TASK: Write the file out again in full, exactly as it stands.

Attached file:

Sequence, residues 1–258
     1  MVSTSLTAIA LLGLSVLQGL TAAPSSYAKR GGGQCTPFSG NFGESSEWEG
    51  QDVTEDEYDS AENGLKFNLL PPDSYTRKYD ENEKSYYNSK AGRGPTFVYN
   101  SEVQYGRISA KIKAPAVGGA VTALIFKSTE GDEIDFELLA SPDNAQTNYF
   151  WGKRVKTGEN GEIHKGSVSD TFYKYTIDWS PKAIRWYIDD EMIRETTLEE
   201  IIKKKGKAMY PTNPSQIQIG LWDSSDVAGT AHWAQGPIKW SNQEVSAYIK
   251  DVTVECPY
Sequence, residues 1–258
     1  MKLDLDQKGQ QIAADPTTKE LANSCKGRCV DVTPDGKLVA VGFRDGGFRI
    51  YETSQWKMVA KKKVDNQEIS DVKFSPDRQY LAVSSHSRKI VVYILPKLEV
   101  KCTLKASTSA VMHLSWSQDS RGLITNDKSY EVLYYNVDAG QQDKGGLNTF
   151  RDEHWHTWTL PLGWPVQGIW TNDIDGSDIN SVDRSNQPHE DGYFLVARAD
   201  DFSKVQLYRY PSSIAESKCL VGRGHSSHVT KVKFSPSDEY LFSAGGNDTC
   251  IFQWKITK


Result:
Sequence, residues 1–258
     1  MVSTSLTAIA LLGLSVLQGL TAAPSSYAKR GGGQCTPFSG NFGESSEWEG
    51  QDVTEDEYDS AENGLKFNLL PPDSYTRKYD ENEKSYYNSK AGRGPTFVYN
   101  SEVQYGRISA KIKAPAVGGA VTALIFKSTE GDEIDFELLA SPDNAQTNYF
   151  WGKRVKTGEN GEIHKGSVSD TFYKYTIDWS PKAIRWYIDD EMIRETTLEE
   201  IIKKKGKAMY PTNPSQIQIG LWDSSDVAGT AHWAQGPIKW SNQEVSAYIK
   251  DVTVECPY
Sequence, residues 1–258
     1  MKLDLDQKGQ QIAADPTTKE LANSCKGRCV DVTPDGKLVA VGFRDGGFRI
    51  YETSQWKMVA KKKVDNQEIS DVKFSPDRQY LAVSSHSRKI VVYILPKLEV
   101  KCTLKASTSA VMHLSWSQDS RGLITNDKSY EVLYYNVDAG QQDKGGLNTF
   151  RDEHWHTWTL PLGWPVQGIW TNDIDGSDIN SVDRSNQPHE DGYFLVARAD
   201  DFSKVQLYRY PSSIAESKCL VGRGHSSHVT KVKFSPSDEY LFSAGGNDTC
   251  IFQWKITK